2015.80: #MasculinitySoFragile? Man Up.


Those of you who have not yet been sucked into using Twitter may not be familiar with hashtag activism. ((Do they do that on Facebook too?)) Someone has some point he wants to make, so he says something and attaches a hooky hashtag—a string of letters following a pound sign: #NotAllMen, for example, to either a) make the point that generalizations of the evils of manhood do not apply to all of us; or b) mock “not all men” as a deflection of discussion of the evils of manhood.

As you can see, the point of the hashtag is not always explicit; sometimes it’s ironic.

There are three types of user of activist hashtags.

  • People who agree with the point that the hashtag explicitly makes. I’ll call these (arbitrarily) the “Earnest Pros.”
  • People who disagree with the point that the hashtag explicitly makes (but who might agree with the intended ironic point). I’ll call these (conformingly) the “Earnest Cons.”
  • People who hijack the hashtag looking for entertainment. I’ll call these (fondly) the “Trolls.”

The Earnest Pros and the Earnest Cons are on the same axis of earnestness, arguing with each other as though it’s serious business. The Trolls are using the hashtag just to get a reaction from the Earnest Pros, the Earnest Cons, or both.

It’s not always possible to tell the difference between the Trolls and the Earnest Pros or Earnest Cons. When you point out to what appears to be an earnest hashtag warrior the silliness of hashtag, he might retreat to “LOL you don’t appreciate good trolling.” Maybe. Roll your eyes and walk away.

Sometimes, though, an Earnest Con really is an Earnest Con:

That’s a guy named Brandon Morse’s surreply to someone’s reply to his response to the #MasculinitySoFragile hashtag. Morse sees the hashtag as “people trashing him,” and thinks he needs to “defend himself” against a hashtag that isn’t even directed at him.

Morse went on to write an article about how #masculinitysofragile is “dumb,” complete with high-school writing ability (“infer” for “imply, “is” for “are,” and so forth).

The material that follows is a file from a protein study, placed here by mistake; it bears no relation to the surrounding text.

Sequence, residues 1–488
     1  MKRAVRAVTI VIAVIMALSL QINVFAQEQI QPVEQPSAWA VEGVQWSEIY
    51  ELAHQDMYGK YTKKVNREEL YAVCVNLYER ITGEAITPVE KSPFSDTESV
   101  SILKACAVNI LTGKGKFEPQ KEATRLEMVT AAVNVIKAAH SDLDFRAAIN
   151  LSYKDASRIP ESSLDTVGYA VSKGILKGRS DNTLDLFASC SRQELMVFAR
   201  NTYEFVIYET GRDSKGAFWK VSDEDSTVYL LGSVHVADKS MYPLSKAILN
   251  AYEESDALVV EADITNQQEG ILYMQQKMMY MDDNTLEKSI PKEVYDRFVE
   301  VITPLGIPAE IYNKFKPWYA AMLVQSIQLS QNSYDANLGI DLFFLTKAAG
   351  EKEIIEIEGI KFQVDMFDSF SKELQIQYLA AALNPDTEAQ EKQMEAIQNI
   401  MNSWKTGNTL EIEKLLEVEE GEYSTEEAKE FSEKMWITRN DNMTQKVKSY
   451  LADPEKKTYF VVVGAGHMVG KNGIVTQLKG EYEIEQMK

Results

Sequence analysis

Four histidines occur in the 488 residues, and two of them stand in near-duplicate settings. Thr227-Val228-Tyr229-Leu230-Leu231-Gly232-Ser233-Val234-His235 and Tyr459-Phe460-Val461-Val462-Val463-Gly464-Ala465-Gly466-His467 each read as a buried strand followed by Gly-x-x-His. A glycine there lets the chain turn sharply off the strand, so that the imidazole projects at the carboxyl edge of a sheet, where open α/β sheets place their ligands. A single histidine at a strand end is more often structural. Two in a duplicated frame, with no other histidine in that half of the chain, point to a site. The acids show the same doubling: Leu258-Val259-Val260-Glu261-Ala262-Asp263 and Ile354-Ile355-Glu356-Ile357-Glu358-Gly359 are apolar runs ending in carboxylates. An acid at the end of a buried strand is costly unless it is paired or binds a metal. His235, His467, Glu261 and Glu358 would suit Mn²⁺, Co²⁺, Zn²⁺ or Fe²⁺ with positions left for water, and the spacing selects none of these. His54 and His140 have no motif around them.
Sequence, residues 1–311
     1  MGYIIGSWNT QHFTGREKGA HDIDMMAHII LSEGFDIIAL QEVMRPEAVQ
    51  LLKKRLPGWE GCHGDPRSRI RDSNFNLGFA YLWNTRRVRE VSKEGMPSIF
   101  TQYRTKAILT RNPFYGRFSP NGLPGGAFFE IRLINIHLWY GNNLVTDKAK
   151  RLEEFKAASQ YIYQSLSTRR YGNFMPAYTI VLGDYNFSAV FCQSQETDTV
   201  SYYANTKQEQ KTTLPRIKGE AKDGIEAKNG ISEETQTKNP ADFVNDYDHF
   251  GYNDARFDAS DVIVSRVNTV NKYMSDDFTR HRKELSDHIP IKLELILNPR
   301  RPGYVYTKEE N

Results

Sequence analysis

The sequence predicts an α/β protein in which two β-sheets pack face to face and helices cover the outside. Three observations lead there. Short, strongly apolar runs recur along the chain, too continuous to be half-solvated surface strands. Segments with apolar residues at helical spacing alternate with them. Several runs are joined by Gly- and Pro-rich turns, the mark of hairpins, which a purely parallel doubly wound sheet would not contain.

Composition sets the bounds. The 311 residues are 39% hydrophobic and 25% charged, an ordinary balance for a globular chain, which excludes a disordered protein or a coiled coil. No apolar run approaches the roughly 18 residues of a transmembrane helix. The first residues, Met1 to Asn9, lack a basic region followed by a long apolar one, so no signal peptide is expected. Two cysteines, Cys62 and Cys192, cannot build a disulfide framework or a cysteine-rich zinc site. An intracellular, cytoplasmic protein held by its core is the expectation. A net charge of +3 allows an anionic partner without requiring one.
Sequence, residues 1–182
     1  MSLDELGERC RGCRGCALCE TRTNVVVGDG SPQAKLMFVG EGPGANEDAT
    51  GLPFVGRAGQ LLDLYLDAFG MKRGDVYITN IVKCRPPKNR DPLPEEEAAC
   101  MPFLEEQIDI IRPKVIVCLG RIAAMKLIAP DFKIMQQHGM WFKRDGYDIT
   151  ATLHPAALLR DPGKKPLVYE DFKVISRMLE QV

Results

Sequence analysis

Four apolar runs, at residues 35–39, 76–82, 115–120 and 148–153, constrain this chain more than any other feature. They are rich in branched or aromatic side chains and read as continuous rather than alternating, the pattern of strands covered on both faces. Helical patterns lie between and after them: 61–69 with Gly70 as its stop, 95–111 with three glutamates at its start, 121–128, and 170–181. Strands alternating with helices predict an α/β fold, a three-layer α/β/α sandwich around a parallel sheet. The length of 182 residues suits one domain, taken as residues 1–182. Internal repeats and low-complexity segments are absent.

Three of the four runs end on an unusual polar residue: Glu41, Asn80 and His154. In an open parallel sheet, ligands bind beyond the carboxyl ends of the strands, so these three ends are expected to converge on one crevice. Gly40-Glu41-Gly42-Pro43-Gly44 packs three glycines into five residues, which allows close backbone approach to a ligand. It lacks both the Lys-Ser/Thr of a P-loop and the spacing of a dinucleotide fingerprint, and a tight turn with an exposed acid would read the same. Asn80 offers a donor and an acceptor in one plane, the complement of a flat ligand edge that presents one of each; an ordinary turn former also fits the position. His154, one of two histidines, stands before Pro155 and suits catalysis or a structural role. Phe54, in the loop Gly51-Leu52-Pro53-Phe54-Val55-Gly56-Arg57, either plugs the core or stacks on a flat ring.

There’s a bit of self-fulfillment here. Let me take this out of the realm of the gender wars to demonstrate:

#HairSoGreen you look like the Grinch.

“My hair isn’t green. In fact, most men’s hair isn’t green. You’re just hanging out with green-haired beta men.”

“If you weren’t insecure about your hair, you wouldn’t respond.”

“It’s not insecurity to defend myself.” [Writes 1000-word blog post explaining.]

Take it as a given that some people’s hair is green. If your hair isn’t green, you aren’t being “trashed” by #HairSoGreen. If you know that you don’t have green hair, you know that you aren’t being trashed. You don’t have to be offended; you can let the slight slide. #HairSoGreen only hits home if it’s plausible to you.

Likewise with fragile masculinity. Take it as a given that some people’s masculinity is fragile: they harbor secret doubts about whether they are “masculine enough.” ((Answer, for whatever it’s worth: screw the archetypes and just be yourself. You can’t do more than that.)) If your masculinity isn’t fragile, you aren’t being “trashed.” If you people can trash your masculinity by suggesting that masculinity is fragile, your masculinity is fragile. ((The hashtag is not a kafkatrap for several reasons. Most importantly, because there’s a win/win: don’t respond to it, and it doesn’t affect you. “#BrandonsFragileMasculinity” would arguably be a different story. If someone announces to the world at large that your hair is green, you might reasonably correct the facts.))